A conservatory is the perfect addition to your property if you want something that bridges the gap between your home and your garden. Whether you want to use it as a dining room, a play room or just another living space, a light-filled conservatory can add value to your home. Find out how much different types of conservatory will cost in our cost guides.
If you’re looking for a budget conservatory, uPVC is certainly the material to go for. How much a uPVC conservatory costs will depend on the type of conservatory you choose, but generally, the cheapest type of conservatory is a lean-to. A 3.5m x 3.5m lean-to conservatory can cost as little as £9,000, but the average cost is £12,000 for supply and installation.
Mid-range conservatories can be made from uPVC, but you can also find mid-range conservatories made from wood. A good option for an average-priced conservatory is an Edwardian-style, which is usually square or rectangular in shape. It has sleek lines with a pitched roof and a flat front, making them ideal for looking out onto your garden. Edwardian conservatories cost around £11,000 in uPVC and around £17,500 in wood for a 3.5m x 3.5m structure.
The most luxurious type of conservatory material is aluminium, as it has great thermal properties, offers slim frames to allow the most light in through your windows and needs virtually no maintenance. Aluminium conservatories generally cost 25% more than uPVC ones, so you should expect to pay at least £11,250 for a lean-to and £13,750 for an Edwardian conservatory. Victorian conservatories are a more ornate version of an Edwardian conservatory and can cost around £15,000 for a uPVC version, £16,750 for a wooden version and £18,700 for an aluminium one.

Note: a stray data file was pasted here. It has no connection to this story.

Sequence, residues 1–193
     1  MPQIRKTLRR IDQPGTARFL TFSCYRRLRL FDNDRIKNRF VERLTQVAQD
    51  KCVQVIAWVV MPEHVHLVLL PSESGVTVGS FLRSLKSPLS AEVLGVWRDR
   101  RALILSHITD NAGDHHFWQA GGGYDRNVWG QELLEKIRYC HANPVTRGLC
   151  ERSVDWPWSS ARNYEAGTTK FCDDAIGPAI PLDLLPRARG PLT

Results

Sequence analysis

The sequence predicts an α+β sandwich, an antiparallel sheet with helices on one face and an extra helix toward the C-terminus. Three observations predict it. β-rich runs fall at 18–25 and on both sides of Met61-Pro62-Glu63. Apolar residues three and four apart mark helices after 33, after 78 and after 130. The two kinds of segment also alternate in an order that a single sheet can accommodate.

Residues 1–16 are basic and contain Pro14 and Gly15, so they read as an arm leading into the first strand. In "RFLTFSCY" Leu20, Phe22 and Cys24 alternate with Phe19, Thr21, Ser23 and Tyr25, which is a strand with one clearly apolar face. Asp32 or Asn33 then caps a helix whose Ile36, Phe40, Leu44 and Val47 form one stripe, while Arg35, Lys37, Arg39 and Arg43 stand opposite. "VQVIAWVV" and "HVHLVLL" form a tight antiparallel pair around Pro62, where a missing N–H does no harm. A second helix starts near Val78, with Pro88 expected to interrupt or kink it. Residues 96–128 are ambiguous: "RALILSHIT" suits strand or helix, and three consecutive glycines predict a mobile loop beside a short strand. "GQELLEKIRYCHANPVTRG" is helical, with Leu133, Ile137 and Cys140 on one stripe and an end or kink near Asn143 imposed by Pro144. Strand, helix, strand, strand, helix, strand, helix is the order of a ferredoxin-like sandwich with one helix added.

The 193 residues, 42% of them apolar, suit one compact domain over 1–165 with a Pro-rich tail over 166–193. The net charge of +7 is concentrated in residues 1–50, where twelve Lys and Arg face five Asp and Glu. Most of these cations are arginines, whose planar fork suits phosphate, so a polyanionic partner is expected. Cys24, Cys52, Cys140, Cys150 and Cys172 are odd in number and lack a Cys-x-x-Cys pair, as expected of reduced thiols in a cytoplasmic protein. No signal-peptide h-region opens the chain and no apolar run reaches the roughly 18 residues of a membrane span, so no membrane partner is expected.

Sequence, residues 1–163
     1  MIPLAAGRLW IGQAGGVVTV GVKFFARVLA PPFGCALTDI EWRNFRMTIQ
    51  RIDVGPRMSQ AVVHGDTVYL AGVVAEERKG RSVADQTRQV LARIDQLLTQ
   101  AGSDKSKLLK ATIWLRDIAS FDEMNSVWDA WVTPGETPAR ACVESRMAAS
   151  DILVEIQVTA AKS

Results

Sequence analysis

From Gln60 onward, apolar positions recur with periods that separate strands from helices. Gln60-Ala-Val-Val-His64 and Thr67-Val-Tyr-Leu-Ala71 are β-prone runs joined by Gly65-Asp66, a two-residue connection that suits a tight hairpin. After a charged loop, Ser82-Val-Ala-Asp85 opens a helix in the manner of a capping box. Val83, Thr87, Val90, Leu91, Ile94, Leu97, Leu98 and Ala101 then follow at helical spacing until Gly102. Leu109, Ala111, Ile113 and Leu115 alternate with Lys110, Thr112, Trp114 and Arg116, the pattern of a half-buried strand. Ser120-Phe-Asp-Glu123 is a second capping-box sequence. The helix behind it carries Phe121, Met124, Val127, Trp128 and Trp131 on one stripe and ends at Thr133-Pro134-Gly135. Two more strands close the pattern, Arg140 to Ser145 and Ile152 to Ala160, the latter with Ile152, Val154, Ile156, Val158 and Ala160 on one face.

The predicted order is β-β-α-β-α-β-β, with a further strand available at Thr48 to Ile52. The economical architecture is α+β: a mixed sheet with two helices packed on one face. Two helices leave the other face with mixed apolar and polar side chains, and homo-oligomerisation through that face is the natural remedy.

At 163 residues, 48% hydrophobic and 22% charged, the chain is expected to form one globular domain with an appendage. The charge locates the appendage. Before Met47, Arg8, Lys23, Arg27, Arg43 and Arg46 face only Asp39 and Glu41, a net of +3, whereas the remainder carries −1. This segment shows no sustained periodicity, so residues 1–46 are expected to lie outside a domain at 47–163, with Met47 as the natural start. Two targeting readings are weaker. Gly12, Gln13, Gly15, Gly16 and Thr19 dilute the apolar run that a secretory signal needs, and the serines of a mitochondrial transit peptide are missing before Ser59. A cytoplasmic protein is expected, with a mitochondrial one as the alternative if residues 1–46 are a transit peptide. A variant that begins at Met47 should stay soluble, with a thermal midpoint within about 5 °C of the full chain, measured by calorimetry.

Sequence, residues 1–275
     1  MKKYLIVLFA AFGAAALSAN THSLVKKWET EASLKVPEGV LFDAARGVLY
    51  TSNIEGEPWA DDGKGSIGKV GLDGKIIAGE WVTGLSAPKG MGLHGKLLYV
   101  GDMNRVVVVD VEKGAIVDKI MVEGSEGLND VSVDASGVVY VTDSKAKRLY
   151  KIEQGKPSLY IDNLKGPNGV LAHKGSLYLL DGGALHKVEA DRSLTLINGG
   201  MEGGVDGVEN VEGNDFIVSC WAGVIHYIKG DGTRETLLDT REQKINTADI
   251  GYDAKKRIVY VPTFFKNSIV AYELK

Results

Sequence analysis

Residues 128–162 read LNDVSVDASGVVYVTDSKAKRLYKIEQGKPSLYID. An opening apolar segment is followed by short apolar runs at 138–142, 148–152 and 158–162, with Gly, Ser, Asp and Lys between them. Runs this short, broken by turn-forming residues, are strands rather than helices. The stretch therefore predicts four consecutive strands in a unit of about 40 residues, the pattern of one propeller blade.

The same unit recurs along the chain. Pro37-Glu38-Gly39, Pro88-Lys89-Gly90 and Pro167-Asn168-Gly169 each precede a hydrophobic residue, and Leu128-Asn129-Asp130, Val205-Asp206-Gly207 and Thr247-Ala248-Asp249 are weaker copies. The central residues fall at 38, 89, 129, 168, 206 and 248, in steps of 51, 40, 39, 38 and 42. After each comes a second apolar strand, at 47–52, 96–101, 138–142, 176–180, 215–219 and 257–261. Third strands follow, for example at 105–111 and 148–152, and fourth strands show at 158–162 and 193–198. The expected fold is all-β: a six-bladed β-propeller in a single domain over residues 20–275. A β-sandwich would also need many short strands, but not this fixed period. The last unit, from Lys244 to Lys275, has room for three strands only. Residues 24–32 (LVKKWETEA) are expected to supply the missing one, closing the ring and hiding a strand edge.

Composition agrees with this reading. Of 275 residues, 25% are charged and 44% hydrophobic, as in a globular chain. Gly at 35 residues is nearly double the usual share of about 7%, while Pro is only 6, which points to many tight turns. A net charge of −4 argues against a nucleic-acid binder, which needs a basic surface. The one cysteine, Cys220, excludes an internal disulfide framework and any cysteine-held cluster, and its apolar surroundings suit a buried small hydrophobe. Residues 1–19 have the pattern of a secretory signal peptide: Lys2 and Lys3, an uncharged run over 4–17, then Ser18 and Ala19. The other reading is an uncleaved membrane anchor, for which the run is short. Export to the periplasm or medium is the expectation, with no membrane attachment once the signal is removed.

It’s usually cheaper to have a conservatory built rather than an extension. Extensions require many more materials to construct them and you will probably incur more fees. For example, you’ll probably need to hire an architect to help you draw up plans, and you may need to apply for planning permission before you can build your extension. Most conservatories don’t require planning permission under Permitted Development rights, so you’ll save money on application fees. Plus, conservatories take much less time to build than extensions, so you’ll pay less in labour.
Yes, you do need foundations for a conservatory, just like you would for any other building. While conservatories that are separate from the main house don’t require Building Regulations approval, making foundations optional, it’s not a good idea to build a conservatory without foundations.
Your conservatory should be built on a solid, damp-proof footing to keep it stable. You could end up with subsidence if your conservatory doesn’t have proper foundations.
If your conservatory has open access to the house or has its own heating inside, you’ll need Building Regulations approval, which means your conservatory must have foundations.
No, you don’t need permission to put a roof on a conservatory in most cases. It’s becoming more and more popular to have solid roofs fitted to conservatories as they’re more thermally efficient and reduce noise. Since 2010, you don’t need planning permission to add a solid roof to a conservatory, so you can improve the thermal properties of your conservatory without the added fees.